32. A Transgressive Facies Model • Recall that facies are sediments • that represent a particular environment • During a transgression, the coarse (sandstone), • fine (shale) and carbonate (limestone) facies • migrate in a landward direction

  33. Cambrian Transgression • The three formations exposed • along the Bright Angel Trail, Grand Canyon Arizona • Cambrian strata exposed in the Grand Canyon

  34. Transgression • The Tapeats sediments • are clean, well-sorted sands • of the type one would find on a beach today • As the transgression continued into the Middle Cambrian, • muds of the Bright Angle Shale • were deposited over the older Tapeats Sandstone

  35. Time Transgressive Formations • Faunal analysis of the Bright Angel Shale indicates • that it is Early Cambrian in age in California • and Middle Cambrian in age in the Grand Canyon region, • thus illustrating the time-transgres-sive nature of formations and facies younger shale older shale

  36. Cambrian Transgression • Cambrian strata exposed in the Grand Canyon • Observe the time transgressive nature of the three formations • The three formations exposed • along the Bright Angel Trail, Grand Canyon Arizona

  37. Same Facies Relationship • By the end of Sauk time, much of the craton • was submerged beneath a warm, equatorial epeiric sea

  38. Cambrian Facies • showing 3 major Cambrian facies • and the time transgressive nature of the units • The carbonate facies developed progressively • due to submergence of the detrital source areas by the advancing Sauk Sea • Block diagram from the craton interior to the Appalachian mobile belt margin

  39. Upper Cambrian Sandstone • Outcrop of cross-bedded Upper Cambrian sandstone in the Dells area of Wisconsin

  40. Regression and Unconformity • During the Early Ordovician, the Sauk Sea regressed. • The rocks exposed were predominately • limestones and dolostones • that experienced deep and extensive erosion • The resulting craton-wide unconformity • marks the boundary between the Sauk • and Tippecanoe sequences

  41. Ordovician Period • Paleo-geography of North America • showing change in the position of the the equator • The continent • was rotating counter-clockwise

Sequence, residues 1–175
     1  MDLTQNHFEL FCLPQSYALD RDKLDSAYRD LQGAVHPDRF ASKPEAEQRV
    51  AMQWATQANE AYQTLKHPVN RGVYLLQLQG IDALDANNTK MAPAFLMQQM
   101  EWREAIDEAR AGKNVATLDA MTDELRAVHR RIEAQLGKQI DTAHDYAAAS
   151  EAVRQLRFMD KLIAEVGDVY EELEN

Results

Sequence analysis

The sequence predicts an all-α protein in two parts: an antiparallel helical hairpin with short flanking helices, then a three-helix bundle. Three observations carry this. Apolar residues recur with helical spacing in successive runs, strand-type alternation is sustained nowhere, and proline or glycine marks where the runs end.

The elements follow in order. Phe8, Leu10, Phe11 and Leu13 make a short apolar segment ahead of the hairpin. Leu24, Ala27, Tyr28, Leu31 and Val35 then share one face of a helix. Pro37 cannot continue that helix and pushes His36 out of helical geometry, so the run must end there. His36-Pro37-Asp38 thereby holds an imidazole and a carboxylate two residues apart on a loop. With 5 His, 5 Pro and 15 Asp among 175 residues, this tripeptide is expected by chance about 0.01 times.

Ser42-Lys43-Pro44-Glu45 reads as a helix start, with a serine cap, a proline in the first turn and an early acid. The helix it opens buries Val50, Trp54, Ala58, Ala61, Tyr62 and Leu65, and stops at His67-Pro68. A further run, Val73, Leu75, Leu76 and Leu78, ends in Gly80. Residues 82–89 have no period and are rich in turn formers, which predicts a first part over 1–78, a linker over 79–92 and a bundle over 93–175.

42. Cratonic Sequences of N. America • brown areas = large-scale uncon-formities • White areas = sequences of rocks • Regression • Tippecanoe sequence

  43. The Tippecanoe Sequence • A transgressing sea deposited the Tippecanoe sequence over most of the craton • Middle Ordovician-Early Devonian • The Tippecanoe basal rock is the St. Peter Sandstone, • an almost pure quartz sandstone • occurs throughout much of the mid-continent • resulted from numerous cycles of weathering • and erosion of Proterozoic and Cambrian sandstones • deposited during the Sauk transgression

  44. Transgression of the Tippecanoe Sea • Resulted in the deposition of • the St. Peter Sandstone • Middle Ordovician • over a large area of the craton

  45. St. Peter Sandstone • Outcrop of St. Peter Sandstone in Governor Dodge State Park, Wisconsin

  46. The Tippecanoe Sequence • The Tippecanoe basal sandstones were followed by widespread carbonate deposition • The limestones were generally the result of deposition • by calcium carbonate-secreting organisms such as • corals, • brachiopods, • stromatoporoids, • and bryozoans

  47. Tippecanoe Reefs and Evaporites • Organic reefs are limestone structures • constructed by living organisms • Reefs appear to have occupied • the same ecological niche in the geological past

  48. Modern Reef Requirements • Present-day reefs • grow between 30 degrees N and S of equator • Reefs require • warm, clear, shallow water of normal salinity for optimal growth

  49. Present-Day Reef Community • with reef-building organisms

  50. Reef Environments • Block diagram of a reef showing the various environments within the reef complex